What should you consider when choosing strings?
Updated: Jan 29, 2021
Tennis strings are all about trade offs. Say you want to lower your tension, you will gain power but lose some control as a consequence.
Increasing the tension? Doing so will limit your power generation, but will help you gain more control and spin.
Here are a few other things to consider when choosing tennis strings.
Beginners: For beginner players you should focus on "easy" playing strings. These strings are both soft and forgiving, which helps provide a comfortable feel. Synthetic gut and multi-filaments are a great place to start.
You can reference our Tennis String Guide for a further breakdown of synthetic gut and mutl-filament strings!
Intermediate to Advanced Players: As your game and skill set improve, you can start moving to more solid strings as opposed to softer strings. Solid strings, such as polyester strings, are designed to give you more control and finesse. But, as we mentioned in our opening, tennis strings are all about trade offs. So while you will gain more control and finesse, assuming your technique is sound, you will undoubtedly lose some comfort. Most intermediate, and especially advanced players, are willing to make this trade off to further benefit their game.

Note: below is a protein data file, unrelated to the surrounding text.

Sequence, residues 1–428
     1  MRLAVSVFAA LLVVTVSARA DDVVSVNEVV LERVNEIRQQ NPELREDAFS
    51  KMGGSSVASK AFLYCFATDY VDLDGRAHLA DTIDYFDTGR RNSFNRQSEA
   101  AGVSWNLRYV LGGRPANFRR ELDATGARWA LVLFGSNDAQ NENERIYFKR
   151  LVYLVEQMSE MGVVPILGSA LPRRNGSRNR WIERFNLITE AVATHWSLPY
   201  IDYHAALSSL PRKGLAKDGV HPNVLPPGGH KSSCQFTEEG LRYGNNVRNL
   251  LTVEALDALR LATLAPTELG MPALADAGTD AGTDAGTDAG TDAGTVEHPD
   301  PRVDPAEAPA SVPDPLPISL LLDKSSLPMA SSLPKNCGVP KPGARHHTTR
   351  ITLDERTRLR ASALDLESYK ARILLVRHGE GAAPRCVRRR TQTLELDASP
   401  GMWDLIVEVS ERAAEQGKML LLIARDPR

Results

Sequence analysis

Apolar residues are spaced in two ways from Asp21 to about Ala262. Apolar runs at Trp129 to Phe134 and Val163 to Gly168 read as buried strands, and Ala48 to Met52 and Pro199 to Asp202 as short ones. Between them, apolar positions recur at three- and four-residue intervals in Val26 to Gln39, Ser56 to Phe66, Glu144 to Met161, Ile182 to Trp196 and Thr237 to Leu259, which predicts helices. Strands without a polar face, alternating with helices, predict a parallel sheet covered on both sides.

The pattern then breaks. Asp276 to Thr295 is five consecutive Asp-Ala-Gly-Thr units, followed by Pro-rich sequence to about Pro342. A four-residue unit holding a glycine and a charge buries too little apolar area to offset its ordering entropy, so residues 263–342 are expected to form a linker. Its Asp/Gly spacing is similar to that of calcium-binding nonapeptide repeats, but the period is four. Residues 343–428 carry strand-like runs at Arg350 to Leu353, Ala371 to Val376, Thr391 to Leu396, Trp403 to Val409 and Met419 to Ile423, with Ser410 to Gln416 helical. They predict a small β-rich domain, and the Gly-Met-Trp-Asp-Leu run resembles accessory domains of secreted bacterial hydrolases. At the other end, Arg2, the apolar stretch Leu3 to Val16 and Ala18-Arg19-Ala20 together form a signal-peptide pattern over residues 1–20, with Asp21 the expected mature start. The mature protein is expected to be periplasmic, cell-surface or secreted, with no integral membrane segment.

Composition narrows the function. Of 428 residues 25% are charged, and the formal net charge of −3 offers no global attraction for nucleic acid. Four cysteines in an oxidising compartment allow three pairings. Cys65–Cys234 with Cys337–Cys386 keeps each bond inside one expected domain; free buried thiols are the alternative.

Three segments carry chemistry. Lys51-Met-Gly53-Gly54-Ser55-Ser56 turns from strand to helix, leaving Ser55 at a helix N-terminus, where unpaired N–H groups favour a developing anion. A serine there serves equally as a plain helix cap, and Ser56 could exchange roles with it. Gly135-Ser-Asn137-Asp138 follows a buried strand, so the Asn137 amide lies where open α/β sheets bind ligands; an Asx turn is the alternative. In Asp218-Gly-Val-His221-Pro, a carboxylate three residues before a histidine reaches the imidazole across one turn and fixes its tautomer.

Court Surfaces and Weather
Tennis is played on multiple court surfaces, from the red clay of Roland Garros to the hard court of your favorite community playground, it's important to take the playing surface into account when deciding what string to use. Clay courts usually require a drop in tension, which allows for more control and finesse, while hard courts or grass demand a higher string tension which prioritizes control.
Additionally it's worth noting, that weather conditions do play a role in string selection - specifically if you use natural gut, which is more common with high level and professional players. Humidity impacts organic strings much more than the synthetic ones, leading to a loss in tension over time.
Does playing style really matter when it comes to strings? The short answer is yes.
If you’re a counter-puncher and elect to use the pace of your opponent rather than generate most of it yourself, it’s advisable to choose tighter strings. On the other hand, if you’re an aggressive player and shotmaker, lowering the tension will help you hit harder and more penetrating shots.
If you are unsure of your style it's always good to defer to a hybrid setup, which provides the best of all worlds: power, spin, control and comfort.